The most cursory of glances at the inner play ("Murder at Muldoon Manor") reveals a bland play with terrible acting. By which I do not mean that the actors were poor actors. Actually, their performances were all more than competent. The play specifically asked most of them to act poorly as Stoppard toys with stereotypical characters. The incompetent Inspector Hound (reminiscent of the immortal Inspector from the Pink Panther), the mysterious, gun-wielding arm in the window, and the flirtatious vixen (actually named Felicity) all play out the standard Agatha Christy parts in a brainlessly shallow plot.
However, that's the point. "The Real Inspector Hound" is poking fun of, and applying subtle twists to, the cookie-cutter plot. "The Real Inspector Hound" is basically one lone scene with no breaks whatsoever. The inner play, "Murder at Muldoon Manor", is layed out in three scenes (vehemently described by one of the critics as "this play has shown itself to have a beginning, a middle, and most certainly will have an end!"). By the end of the second scene, the occupants of Muldoon Manor have discovered the body under the sofa, that the phone line has been cut, and that they are trapped by fog and foul weather. Simon Gascoyne, the "red herring" of the murder mystery, according to Birdboot, is the best suspect, until his untimely death at the end of the second scene.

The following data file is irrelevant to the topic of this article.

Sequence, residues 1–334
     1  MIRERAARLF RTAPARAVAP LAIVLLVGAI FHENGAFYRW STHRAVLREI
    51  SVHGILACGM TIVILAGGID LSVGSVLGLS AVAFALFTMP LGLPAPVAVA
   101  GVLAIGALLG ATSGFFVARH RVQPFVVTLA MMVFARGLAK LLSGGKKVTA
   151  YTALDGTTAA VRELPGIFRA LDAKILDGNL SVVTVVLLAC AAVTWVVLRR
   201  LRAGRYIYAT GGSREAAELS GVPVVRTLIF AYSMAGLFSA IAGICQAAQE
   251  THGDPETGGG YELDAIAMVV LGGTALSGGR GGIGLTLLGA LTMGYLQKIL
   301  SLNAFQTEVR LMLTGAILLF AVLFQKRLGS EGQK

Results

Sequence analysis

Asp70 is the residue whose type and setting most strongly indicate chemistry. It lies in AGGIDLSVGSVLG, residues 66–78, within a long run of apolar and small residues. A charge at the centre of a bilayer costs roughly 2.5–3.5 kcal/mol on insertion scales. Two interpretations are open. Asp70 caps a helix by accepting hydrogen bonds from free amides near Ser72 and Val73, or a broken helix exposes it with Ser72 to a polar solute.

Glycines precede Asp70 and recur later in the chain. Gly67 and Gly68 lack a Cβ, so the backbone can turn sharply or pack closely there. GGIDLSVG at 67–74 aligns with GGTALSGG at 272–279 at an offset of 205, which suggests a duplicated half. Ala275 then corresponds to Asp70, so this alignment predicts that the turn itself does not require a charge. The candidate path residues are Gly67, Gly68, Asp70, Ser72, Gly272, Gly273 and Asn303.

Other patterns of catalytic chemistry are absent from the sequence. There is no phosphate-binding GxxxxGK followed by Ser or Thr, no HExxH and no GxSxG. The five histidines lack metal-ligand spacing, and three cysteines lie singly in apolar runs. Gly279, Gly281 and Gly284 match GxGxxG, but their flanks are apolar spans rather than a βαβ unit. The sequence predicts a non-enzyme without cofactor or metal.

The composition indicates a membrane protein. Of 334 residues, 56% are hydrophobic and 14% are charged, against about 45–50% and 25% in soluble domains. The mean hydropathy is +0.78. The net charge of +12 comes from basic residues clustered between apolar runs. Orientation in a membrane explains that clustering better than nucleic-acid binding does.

During the short break before the third scene, the stage is empty and dark, except, of course, for the actor playing the corpse, who was under the sofa when I took my seat, and who remained there until the curtain call. At this point, the phone on stage rings (this is the phone whose line the actors had discovered cut in the second scene). The phone rings and rings and rings... This is the spot where I almost stood up. Suddenly, Moon stands up and darts onto the stage and into the gloom to pick up the phone. "Hello...", he says cautiously. He begins to look puzzled as he holds the phone out for Birdboot saying, "It's for you..." Birdboot mounts the stage and picks up the receiver. As he says hello, he picks up the severed phone cord with his other hand. "Myrtle!" he exclaims, "I told you never to call me at work!" He then goes through some verbal gymnastics to get his wife off the phone without his having to say "I love you, too" in front of the audience. Finally, he manages to hang up the phone and starts for his seat. However, he stops at the edge of the stage as curiousity pulls him to the body under the sofa. A quick peak, and he announces, "It's Higgs!!" At this point he darts for his seat, but he is caught on stage as the lights go up for the third scene of "Murder at Muldoon Manor".